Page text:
Amyotrophic lateral sclerosis (ALS) is a devastating and fatal motor neuron disease. Diagnosis typically occurs in the fifth decade of life and the disease progresses rapidly leading to death within ~ 2–5 years of symptomatic onset. There is no cure, and the few available treatments offer only a modest extension in patient survival. A protein central to ALS is the nuclear RNA/DNA-binding protein, TDP-43. In > 95% of ALS patients, TDP-43 is cleared from the nucleus and forms phosphorylated protein aggregates in the cytoplasm of affected neurons and glia. We recently defined that poly(ADP-ribose) (PAR) activity regulates TDP-43-associated toxicity. PAR is a posttranslational modification that is attached to target proteins by PAR polymerases (PARPs). PARP-1 and PARP-2 are the major enzymes that are active in the nucleus. Here, we uncovered that the motor neurons of the ALS spinal cord were associated with elevated nuclear PAR, suggesting elevated PARP activity. Veliparib, a small-molecule inhibitor of nuclear PARP-1/2, mitigated the formation of cytoplasmic TDP-43 aggregates in mammalian cells. In primary spinal-cord cultures from rat, Veliparib also inhibited TDP-43-associated neuronal death. These studies uncover that PAR activity is misregulated in the ALS spinal cord, and a small-molecular inhibitor of PARP-1/2 activity may have therapeutic potential in the treatment of ALS and related disorders associated with abnormal TDP-43 homeostasis.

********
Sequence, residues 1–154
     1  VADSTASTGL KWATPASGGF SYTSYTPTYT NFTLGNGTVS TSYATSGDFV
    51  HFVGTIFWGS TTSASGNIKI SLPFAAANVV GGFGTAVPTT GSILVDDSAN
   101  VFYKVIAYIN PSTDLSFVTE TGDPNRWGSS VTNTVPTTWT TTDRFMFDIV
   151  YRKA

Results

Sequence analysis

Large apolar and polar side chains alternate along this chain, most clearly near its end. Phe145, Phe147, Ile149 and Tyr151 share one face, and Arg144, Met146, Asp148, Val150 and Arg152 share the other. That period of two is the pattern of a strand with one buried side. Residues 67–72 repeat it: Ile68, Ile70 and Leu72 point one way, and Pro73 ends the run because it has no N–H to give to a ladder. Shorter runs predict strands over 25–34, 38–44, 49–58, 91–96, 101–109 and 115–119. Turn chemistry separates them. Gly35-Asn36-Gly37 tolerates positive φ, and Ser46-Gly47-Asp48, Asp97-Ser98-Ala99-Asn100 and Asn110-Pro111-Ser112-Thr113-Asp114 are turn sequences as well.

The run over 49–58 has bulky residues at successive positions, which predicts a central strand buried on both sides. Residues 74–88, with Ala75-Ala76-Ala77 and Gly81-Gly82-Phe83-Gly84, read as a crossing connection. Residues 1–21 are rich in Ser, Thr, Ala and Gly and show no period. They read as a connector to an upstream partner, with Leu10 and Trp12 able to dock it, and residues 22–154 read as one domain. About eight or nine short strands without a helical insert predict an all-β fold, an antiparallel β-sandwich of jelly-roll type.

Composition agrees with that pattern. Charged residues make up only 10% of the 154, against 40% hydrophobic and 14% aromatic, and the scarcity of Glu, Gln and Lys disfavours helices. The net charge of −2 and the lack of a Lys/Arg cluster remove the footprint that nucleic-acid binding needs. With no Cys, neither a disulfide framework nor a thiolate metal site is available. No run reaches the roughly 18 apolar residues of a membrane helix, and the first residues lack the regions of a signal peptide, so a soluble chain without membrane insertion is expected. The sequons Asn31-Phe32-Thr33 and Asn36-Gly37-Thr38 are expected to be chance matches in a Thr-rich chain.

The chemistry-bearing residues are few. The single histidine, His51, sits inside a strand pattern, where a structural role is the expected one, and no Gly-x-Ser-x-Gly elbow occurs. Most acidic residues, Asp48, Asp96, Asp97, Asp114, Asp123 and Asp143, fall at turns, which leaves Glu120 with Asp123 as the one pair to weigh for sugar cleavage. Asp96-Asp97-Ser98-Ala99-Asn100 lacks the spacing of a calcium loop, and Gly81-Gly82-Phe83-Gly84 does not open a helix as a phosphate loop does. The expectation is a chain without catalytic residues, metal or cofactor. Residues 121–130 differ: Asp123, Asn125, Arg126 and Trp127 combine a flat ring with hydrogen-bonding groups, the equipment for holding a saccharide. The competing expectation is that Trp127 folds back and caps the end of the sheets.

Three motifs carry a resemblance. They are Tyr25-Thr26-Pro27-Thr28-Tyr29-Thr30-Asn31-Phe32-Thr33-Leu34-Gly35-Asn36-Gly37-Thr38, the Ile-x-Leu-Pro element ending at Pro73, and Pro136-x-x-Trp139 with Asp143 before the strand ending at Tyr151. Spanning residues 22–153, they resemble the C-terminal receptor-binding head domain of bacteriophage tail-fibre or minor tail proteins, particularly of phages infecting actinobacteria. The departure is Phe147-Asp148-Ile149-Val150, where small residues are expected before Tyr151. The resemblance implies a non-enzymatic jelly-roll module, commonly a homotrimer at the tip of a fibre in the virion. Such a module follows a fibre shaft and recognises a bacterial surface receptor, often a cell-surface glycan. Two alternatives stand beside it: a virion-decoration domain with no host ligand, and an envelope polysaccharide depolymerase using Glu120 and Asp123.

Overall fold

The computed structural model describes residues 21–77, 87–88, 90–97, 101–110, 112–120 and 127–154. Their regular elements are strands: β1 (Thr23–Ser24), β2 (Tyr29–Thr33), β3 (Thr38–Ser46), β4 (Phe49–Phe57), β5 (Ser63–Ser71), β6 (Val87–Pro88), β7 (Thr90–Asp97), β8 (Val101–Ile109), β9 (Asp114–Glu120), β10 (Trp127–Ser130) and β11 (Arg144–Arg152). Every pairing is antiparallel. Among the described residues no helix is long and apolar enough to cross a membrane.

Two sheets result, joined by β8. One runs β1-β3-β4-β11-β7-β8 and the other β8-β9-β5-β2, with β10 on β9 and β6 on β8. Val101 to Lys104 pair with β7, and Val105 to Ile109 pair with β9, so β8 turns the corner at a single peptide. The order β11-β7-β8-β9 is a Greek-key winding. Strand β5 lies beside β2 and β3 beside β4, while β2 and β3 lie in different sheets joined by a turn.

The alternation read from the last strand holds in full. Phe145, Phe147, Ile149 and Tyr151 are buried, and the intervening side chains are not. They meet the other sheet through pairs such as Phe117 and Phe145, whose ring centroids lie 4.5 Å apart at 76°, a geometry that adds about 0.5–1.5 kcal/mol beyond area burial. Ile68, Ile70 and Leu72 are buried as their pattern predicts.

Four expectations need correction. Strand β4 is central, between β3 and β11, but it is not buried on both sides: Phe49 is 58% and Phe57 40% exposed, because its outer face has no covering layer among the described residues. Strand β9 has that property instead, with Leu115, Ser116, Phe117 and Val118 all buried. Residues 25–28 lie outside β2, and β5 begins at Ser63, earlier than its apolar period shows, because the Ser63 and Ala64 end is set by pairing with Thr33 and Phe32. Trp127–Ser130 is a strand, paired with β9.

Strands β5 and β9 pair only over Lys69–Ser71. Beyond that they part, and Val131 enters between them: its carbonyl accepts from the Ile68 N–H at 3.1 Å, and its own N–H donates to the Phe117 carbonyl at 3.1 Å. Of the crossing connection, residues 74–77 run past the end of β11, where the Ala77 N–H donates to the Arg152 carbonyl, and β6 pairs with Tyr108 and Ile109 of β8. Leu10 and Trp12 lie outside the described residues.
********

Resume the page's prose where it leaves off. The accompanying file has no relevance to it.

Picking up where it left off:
- Motor neuron disease
- Primary neuron